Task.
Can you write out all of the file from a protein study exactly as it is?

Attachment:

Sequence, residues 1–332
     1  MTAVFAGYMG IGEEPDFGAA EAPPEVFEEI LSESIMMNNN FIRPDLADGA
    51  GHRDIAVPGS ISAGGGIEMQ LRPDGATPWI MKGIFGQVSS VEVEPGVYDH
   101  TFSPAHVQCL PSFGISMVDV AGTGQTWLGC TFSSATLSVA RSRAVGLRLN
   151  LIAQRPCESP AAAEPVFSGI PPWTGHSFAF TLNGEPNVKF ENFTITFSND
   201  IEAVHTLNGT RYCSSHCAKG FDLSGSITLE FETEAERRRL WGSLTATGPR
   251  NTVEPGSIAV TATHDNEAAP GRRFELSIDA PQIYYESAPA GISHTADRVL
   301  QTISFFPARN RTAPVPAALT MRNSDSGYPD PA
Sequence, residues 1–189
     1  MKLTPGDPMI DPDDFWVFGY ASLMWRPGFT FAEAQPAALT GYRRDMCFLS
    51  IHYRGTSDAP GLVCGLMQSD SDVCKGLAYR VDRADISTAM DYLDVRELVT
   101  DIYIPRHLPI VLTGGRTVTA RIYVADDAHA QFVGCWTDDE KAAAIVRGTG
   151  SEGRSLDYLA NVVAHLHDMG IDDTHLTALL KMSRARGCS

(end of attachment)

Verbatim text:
Sequence, residues 1–332
     1  MTAVFAGYMG IGEEPDFGAA EAPPEVFEEI LSESIMMNNN FIRPDLADGA
    51  GHRDIAVPGS ISAGGGIEMQ LRPDGATPWI MKGIFGQVSS VEVEPGVYDH
   101  TFSPAHVQCL PSFGISMVDV AGTGQTWLGC TFSSATLSVA RSRAVGLRLN
   151  LIAQRPCESP AAAEPVFSGI PPWTGHSFAF TLNGEPNVKF ENFTITFSND
   201  IEAVHTLNGT RYCSSHCAKG FDLSGSITLE FETEAERRRL WGSLTATGPR
   251  NTVEPGSIAV TATHDNEAAP GRRFELSIDA PQIYYESAPA GISHTADRVL
   301  QTISFFPARN RTAPVPAALT MRNSDSGYPD PA
Sequence, residues 1–189
     1  MKLTPGDPMI DPDDFWVFGY ASLMWRPGFT FAEAQPAALT GYRRDMCFLS
    51  IHYRGTSDAP GLVCGLMQSD SDVCKGLAYR VDRADISTAM DYLDVRELVT
   101  DIYIPRHLPI VLTGGRTVTA RIYVADDAHA QFVGCWTDDE KAAAIVRGTG
   151  SEGRSLDYLA NVVAHLHDMG IDDTHLTALL KMSRARGCS